Details claiming to reveal how little income tax US billionaires pay have been leaked to a news website.
ProPublica says it has seen the tax returns of some of the world’s richest people, including Jv
The website alleges Amazon’s Mr. Bezos paid no tax in 2007 and 2011, while Tesla’s Mr. Musk paid nothing in 2018.
A White House spokeswoman called the leak “illegal”, and the FBI and tax authorities are investigating.
ProPublica said it was analysing what it called a “vast trove of Internal Revenue Service data” on the taxes of the billionaires and would release further details over coming weeks.
ProPublica said the richest 25 Americans pay less in tax – an average of 15.8% of adjusted gross income – than most mainstream US workers.
Jesse Eisinger, senior reporter and editor at ProPublica, told the Today Programme: “We were pretty astonished that you could get [tax] down to zero if you were a multi-billionaire. Actually paying zero in tax really floored us. Ultra-wealthy people can sidestep the system in an entirely legal way.”
“They have enormous ability to find deductions, find credits and exploit loopholes in the system,” he said.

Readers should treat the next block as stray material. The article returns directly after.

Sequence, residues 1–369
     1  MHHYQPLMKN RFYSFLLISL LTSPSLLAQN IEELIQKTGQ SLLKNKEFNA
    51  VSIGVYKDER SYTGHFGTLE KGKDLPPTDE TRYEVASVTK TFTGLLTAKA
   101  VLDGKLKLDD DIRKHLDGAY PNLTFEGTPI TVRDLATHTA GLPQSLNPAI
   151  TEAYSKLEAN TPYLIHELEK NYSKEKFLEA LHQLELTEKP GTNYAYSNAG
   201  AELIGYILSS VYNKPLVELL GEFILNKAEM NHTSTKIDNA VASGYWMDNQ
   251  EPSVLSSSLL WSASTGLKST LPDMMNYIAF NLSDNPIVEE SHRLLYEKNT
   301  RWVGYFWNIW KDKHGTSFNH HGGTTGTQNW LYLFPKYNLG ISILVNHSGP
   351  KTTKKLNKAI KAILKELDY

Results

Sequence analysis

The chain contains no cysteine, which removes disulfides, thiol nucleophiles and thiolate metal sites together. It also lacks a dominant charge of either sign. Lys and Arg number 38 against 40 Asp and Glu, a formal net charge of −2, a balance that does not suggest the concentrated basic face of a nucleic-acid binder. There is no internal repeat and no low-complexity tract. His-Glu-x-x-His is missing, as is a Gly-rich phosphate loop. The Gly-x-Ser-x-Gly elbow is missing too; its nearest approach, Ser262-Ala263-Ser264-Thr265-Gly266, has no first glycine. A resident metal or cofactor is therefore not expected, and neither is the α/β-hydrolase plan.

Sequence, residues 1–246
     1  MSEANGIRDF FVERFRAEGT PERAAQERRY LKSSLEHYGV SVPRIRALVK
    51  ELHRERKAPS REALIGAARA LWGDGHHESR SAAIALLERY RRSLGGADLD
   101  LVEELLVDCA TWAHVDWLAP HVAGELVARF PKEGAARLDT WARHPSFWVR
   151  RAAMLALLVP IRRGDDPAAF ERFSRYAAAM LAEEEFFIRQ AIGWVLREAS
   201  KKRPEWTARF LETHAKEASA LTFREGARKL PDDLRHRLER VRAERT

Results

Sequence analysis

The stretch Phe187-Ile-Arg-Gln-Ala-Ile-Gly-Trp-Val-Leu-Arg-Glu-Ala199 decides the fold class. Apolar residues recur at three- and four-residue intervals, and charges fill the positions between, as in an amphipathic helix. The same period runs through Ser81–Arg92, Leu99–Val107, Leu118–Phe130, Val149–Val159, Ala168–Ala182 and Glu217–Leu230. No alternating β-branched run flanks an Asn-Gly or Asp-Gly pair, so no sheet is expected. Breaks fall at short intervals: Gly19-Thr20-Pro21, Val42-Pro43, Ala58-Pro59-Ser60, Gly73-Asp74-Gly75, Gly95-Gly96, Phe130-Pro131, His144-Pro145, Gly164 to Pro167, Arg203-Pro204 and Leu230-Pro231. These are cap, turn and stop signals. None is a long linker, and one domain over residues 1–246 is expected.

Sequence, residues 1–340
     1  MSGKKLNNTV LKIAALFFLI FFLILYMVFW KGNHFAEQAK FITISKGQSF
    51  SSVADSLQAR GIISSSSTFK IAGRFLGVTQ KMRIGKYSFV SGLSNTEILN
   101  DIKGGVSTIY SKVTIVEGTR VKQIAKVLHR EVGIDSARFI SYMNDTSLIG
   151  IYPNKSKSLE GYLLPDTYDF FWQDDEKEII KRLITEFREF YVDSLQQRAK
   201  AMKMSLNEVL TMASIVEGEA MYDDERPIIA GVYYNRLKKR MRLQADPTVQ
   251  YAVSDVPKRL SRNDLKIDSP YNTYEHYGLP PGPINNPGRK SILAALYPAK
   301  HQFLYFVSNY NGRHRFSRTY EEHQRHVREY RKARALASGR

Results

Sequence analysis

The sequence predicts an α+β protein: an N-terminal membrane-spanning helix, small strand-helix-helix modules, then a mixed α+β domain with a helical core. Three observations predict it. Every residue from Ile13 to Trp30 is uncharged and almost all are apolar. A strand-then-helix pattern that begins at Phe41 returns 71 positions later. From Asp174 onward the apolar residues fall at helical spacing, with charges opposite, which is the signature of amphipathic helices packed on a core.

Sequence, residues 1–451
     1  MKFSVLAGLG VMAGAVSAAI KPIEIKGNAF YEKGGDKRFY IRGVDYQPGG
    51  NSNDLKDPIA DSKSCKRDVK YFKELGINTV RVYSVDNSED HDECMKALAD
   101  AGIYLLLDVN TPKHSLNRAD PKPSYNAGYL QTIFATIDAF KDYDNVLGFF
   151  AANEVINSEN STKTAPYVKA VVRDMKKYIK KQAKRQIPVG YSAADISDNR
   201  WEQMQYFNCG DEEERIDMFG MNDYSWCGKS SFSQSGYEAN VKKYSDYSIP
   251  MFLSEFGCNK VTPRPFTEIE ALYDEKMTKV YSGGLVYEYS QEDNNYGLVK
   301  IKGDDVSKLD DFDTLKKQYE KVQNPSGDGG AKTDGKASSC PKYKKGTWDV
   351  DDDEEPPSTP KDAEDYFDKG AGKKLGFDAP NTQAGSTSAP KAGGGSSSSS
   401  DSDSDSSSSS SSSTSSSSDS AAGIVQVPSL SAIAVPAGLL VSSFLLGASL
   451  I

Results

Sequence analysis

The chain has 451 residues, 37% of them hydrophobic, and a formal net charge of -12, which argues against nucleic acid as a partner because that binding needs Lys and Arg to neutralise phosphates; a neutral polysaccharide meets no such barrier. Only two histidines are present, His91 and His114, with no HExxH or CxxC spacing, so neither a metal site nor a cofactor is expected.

So while the value of their wealth grows enormously through their ownership of shares in their company, that’s not recorded as income.
But there’s more than that, he said: “They also take aggressive tax deductions, often because they have borrowed to fund their lifestyle.”
He said US billionaires buy an asset, build one or inherit a fortune, and then borrow against their wealth.
“They then borrow from a bank at a relatively low-interest rate, live off that, and can use the interest expenses as deductions on their income,” he said.
The website said that “using perfectly legal tax strategies, many of the uber-rich are able to shrink their federal tax bills to nothing or close to it” even as their wealth soared over the past few years.
The wealthy, as with many ordinary citizens, are able to reduce their income tax bills via such things as charitable donations and drawing money from investment income rather than wage income.
ProPublica, using data collected by Forbes magazine, said the wealth of the 25 richest Americans collectively jumped by $401bn from 2014 to 2018 – but they paid $13.6bn in income tax over those years.